FORT WAYNE, IND. â€” When Mark Studler was renewing his specialty license plate recently, which touts his support of environmental issues, he expected to pay the annual premium of $40 to the state.
After all, he wanted to express his love of the great outdoors every time he hit the highways â€” and liked that $25 of the fee was donated to the Indiana Heritage Trust, a state conservation group.
But he objected to a new license plate that he felt also qualified as a specialty plate â€” one with the motto “In God We Trust” â€” but didn’t require a premium. Not even the $15 extra fee that usually goes to the state for administrative costs.
“I don’t have any problem with people expressing their religious beliefs, whether it’s on a bumper sticker or their license plate,” said Studler, 49, a construction worker. “But folks should be treated in the same way â€” and charged the same fees by the state â€” as Hoosiers who prefer that their custom tags promote education or the environment.”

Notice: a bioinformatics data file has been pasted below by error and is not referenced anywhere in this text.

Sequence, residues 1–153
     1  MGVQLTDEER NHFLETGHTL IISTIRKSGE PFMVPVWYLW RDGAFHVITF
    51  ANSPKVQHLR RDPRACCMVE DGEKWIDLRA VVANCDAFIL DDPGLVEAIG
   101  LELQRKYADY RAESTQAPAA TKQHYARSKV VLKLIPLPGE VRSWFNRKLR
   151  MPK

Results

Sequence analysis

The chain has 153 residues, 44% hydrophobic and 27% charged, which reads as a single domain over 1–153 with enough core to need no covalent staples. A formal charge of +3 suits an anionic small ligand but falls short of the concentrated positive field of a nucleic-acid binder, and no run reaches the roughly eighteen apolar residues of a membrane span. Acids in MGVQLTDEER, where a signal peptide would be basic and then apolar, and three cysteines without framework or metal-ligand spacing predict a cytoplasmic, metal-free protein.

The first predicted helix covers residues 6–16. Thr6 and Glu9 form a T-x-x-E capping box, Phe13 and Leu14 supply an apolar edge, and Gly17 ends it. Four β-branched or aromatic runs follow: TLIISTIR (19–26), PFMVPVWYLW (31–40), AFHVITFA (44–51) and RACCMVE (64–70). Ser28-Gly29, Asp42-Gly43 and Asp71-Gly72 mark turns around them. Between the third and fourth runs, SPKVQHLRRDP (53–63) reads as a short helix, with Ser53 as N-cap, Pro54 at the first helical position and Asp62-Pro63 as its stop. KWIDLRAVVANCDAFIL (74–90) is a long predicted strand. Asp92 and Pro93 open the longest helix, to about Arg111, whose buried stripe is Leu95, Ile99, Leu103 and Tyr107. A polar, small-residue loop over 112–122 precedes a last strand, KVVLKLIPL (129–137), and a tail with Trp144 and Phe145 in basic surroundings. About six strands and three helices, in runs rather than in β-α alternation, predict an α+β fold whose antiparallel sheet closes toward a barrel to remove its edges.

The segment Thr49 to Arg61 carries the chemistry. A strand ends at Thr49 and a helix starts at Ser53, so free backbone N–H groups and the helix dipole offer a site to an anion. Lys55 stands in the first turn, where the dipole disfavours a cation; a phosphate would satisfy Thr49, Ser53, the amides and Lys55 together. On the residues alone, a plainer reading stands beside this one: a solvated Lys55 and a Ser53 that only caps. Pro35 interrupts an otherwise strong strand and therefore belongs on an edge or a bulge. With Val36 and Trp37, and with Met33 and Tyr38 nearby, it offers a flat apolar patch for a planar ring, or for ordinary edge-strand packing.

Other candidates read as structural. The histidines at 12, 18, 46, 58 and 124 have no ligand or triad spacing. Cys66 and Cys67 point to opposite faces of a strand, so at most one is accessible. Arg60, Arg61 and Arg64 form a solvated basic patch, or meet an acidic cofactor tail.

Last week, the American Civil Liberties Union of Indiana filed a lawsuit, on behalf of Studler, in state court against the Indiana Bureau of Motor Vehicles and Commissioner Ronald L. Stiver. The complaint challenges a law that lets motorists get the “In God We Trust” design without paying the $15 administrative fee.
The state says the new “In God We Trust” plate is not a specialty plate â€” like dozens of others it offers â€” but rather a second “standard” plate, like the one that features a pastoral scene, and is thus not subject to special fees.
State officials say the plate, introduced in January, has been a hit, chosen by more than 540,000 motorists. That means that had the state charged the $15 fee, it would have an additional $8 million in its coffers.